Oct 18, 2009

Happy Halloween

It seems that only the southern Utah people really know who we are. Once we put Derek's nametag then it made more sense to people. Guess these Northerners don't know what real polygs look like! They need to go to WalMart in Cedar or St. George to truly appreciate!

Nachhhhooooo and SuperWoman!

Chelsie and Travis

The Phantom of the Opera

Sara and Graham

The Obama's

Thhe Lane Family

Cruella and Crazy Joker

THe Laracco's

Ximenha and Craig

Sleeping Beauty bad Lady and Crow?

The Poppletons

Cleopatra and Cesar

Beta and Dan

Oct 16, 2009

Scientific Mud

Ha, I found this posted on SUU website, I got bored and typed in my name in Google, and I forgot about this old essay I wrote, I won $50.00 bucks to the bookstore...cheers.

Hahaha, so many memories. It's funny, I actually liked this English class.

Harmony Hesley
Expressive 2010 Runner-up

After registering for the 2010 English class, it became apparent to me that I did not know English as well as I thought. I would think that with thirteen years of English, I would be able to comprehend the title “Science and Values.” After the first day in class, I screamed to myself, “I’m doomed!” Science and I mix as well as oil and water. I have been studying construction management, and it seems science rarely comes up. If science does appear in class, it is easy enough that I can understand it. After putting more thought into it, I have found that science is and always has been in every part of my life. By no means is science as I use it complicated. The science applied in my daily life is simple. Unknowingly, I have been using scientific methodology to learn important lessons in my life. For example, I know water and dirt make mud when combined, or so I thought mud turned out to be quite complicated. What I thought was simple fun, turned out to be a complex experiment.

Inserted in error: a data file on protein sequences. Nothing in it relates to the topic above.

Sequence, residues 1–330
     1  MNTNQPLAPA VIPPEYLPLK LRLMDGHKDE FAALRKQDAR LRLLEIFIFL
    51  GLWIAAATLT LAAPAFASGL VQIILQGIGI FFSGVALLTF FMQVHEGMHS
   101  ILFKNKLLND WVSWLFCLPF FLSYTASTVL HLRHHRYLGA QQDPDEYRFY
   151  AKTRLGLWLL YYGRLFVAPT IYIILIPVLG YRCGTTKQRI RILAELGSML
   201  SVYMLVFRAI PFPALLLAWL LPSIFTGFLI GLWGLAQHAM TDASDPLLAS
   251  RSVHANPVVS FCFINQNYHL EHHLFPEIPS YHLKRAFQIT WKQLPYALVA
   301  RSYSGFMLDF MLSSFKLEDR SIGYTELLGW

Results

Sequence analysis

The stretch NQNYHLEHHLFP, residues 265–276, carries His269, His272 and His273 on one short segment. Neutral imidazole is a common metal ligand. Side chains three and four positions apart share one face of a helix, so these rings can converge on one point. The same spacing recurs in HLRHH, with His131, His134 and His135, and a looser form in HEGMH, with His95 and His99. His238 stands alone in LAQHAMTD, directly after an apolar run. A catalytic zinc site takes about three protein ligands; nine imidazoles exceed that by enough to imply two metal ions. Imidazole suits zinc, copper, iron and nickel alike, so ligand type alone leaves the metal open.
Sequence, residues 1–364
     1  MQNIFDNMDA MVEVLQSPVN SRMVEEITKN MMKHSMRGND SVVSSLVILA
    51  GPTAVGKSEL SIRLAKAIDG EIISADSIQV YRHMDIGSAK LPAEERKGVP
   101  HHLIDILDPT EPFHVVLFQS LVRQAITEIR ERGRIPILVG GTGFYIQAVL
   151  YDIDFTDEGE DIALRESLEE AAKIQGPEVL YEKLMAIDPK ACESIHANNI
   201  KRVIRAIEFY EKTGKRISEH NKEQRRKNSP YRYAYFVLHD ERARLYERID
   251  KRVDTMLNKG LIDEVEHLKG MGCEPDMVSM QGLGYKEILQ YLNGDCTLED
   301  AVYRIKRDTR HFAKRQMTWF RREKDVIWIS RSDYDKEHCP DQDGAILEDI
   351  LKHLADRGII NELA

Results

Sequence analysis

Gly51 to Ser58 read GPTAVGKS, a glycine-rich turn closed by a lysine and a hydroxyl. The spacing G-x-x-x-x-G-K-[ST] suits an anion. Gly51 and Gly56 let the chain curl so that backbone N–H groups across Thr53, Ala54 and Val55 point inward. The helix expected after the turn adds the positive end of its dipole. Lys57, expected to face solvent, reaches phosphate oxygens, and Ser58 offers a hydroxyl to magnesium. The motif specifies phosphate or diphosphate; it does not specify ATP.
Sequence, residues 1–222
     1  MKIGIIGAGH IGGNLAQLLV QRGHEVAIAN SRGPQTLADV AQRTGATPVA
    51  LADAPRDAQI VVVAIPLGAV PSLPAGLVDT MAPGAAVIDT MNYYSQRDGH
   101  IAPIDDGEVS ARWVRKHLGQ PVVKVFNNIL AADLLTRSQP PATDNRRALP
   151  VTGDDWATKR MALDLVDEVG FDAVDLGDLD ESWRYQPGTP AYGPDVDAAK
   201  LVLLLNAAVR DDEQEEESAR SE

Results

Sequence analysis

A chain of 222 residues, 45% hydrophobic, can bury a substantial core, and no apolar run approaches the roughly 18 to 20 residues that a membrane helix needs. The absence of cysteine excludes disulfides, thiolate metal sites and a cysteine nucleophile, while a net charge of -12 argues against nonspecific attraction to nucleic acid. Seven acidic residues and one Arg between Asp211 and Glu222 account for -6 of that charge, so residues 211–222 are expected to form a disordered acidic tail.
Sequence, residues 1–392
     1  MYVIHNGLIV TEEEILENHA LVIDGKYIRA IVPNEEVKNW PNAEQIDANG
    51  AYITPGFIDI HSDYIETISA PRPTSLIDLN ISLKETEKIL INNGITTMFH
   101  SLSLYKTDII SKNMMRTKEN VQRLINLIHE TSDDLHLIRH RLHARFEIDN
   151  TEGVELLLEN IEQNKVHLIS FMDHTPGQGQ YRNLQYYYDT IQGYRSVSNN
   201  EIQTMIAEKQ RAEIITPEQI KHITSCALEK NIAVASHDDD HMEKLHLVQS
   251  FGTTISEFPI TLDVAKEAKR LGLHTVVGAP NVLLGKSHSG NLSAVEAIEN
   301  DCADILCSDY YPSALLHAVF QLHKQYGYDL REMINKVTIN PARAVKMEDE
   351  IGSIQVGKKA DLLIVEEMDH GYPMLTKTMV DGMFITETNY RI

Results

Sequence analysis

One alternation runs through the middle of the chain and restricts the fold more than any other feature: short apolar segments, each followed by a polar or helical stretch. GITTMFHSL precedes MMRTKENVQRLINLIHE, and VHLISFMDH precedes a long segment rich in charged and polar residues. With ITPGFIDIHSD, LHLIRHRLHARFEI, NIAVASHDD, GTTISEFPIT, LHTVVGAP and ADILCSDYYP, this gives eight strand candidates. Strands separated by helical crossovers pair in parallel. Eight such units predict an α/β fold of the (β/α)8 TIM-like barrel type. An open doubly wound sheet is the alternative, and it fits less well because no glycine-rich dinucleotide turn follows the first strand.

Over the years, I have conducted various experiments with mud without knowing I was using scientific methodology. As a teenager, I spent many summer months working in my Grandma’s garden. Grandma planted corn, squash, soybeans, and other vegetables in what was to become my own little experiment in agricultural engineering. I wanted to reduce the time it took to weed that garden. It seemed that every possible type of weed known and unknown to humanity grew in that garden. In the sweltering heat, I would go out into the garden, pick a row, and pull every weed. I noticed that sometimes the weeds would practically slide out of the ground. Others would break at the dirt. The ones that broke at the surface made the process twice as long, because I had to dig deeper into the ground to remove the root completely. After working a couple summers, I finally determined two reasons why some weeds came out easier than others did. Reason One: Weeds have one of two different kinds of roots, a single main root that grows straight, or roots that branch out and spread wild. Reason Two: The amount of water in the ground was the primary factor for the root coming out easily or not. After watering, it was much easier to pull the weeds. Taking advantage of this enormous discovery, I would always weed the garden right after watering. After a few more trials, I realized that water was not the only factor. Another factor was how much water was in the ground. In order to get the perfect mud consistency for pulling the weeds, I needed to either use as much was as possible, or barely enough. Too much water resulted in a puddle. If I did not use enough water, then the sun’s heat would quickly evaporate it.